Brexit and trade
Brexit negotiations between the European Union and the United Kingdom were supposed to be concluded at the EU summit on October 17. But the deadline passed with no breakthrough, and no plans for a new meeting. With the clock to a “hard Brexit” ticking down, this could be the salutary shock needed to pave the way for a compromise — or point to a future in which the UK’s diminished weight in international trade encourages a drift toward protectionism.
GIS Dossier: Brexit – how we got here
Brexit negotiations are reaching a messy, contentious head. But it didn’t have to be this way. Going back years, European leaders have missed opportunities to take a more pragmatic stance that could have benefited both the UK and the EU. GIS experts have been pointing this out along the way, and have offered some stark, sometimes counterintuitive predictions about the way forward.
Brexit: holding out hope for pragmatism, and a miracle
Last week’s Salzburg negotiations were embarrassing for anyone holding out hope that European leaders might take a practical approach to Brexit negotiations. Even though maintaining the free movement of goods, services and capital, while losing the free movement of people is preferable to none of the above, EU decision makers are blindly sticking to bureaucratic dogma. Such attitudes are a detriment to European business and indeed the European spirit.
Shortsightedness and stubbornness are holding Europe back
As European leaders rail against “populism,” many of them are taking on populist positions themselves: they are taking a hard line on Brexit, refuse to implement commonsense solutions on public debt, and are bowing to pressure against GMOs. All this will hurt Europe in the long term and diminish its global position. It desperately needs leaders who are willing to follow a more pragmatic strategy.
Brexit scenarios: Toward the endgame
Prime Minister Theresa May has bowed to economic reality and unveiled a Brexit model that would keep the United Kingdom close to the European Union. The move provoked an immediate cabinet crisis and the resignations of leading Brexiters. Fear of a Labour government will probably keep other Conservatives in line, but Ms. May’s survival also hinges on the EU accepting her new strategy. Otherwise, a hard Brexit is plausible.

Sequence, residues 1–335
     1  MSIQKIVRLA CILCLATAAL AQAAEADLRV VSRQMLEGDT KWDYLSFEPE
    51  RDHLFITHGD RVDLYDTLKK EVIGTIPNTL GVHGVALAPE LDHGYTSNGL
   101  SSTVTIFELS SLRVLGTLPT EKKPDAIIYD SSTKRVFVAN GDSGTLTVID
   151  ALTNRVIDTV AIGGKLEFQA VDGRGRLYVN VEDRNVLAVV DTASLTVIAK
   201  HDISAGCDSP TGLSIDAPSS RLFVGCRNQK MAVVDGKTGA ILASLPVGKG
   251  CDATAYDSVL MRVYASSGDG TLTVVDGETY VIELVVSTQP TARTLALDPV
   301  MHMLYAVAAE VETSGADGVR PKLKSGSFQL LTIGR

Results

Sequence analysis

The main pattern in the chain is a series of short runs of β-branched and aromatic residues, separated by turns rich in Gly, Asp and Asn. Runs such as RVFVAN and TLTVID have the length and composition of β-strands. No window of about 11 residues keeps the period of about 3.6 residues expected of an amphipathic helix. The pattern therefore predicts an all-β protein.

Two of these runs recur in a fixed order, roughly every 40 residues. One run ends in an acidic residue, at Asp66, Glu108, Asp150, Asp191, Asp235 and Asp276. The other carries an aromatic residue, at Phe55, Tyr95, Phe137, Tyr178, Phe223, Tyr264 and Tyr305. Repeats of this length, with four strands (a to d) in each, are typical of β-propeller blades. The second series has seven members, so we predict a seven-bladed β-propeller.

GIS Dossier: Europe as a global player – the basics
As tensions increase within the transatlantic alliance, Europe has begun to reconsider its own place in the world. With the U.S. continuing a long-term strategic retrenchment, its allies across the Atlantic may need to grow beyond their role as Washington’s junior partners. From the migrant crisis to the Iran nuclear deal, from trade wars to dealing with Vladimir Putin, Europe is being forced to declare itself. Will it act like a great power or an imposter?
Germans expect soft Brexit but want EU to be uncompromising
Warning to London: recent polls reveal that Germans remain committed to the European Union and are concerned about political uncertainty, but they expect Berlin to remain tough on the terms of the UK’s separation
The fragile German-French axis heads toward isolation
Germany and France want to lead the European Union, but their leaders, Chancellor Angela Merkel and President Emmanuel Macron, have adopted policies that endanger the bloc. Calls for greater centralization will alienate other member states, while hypocritical criticism of the U.S. and Russia will leave the Union isolated.
One might expect the Nordic countries, with their strong democracies and economies, to be full-throated backers of the European project. But the differences between them have led to strained relations that are undermining their relationships with Brussels. Nowhere is this more apparent than in the migrant crisis, where Sweden’s approach has unsettled its neighbors and focused attention on security issues. The result could be another headache for the European Union, this time in the north.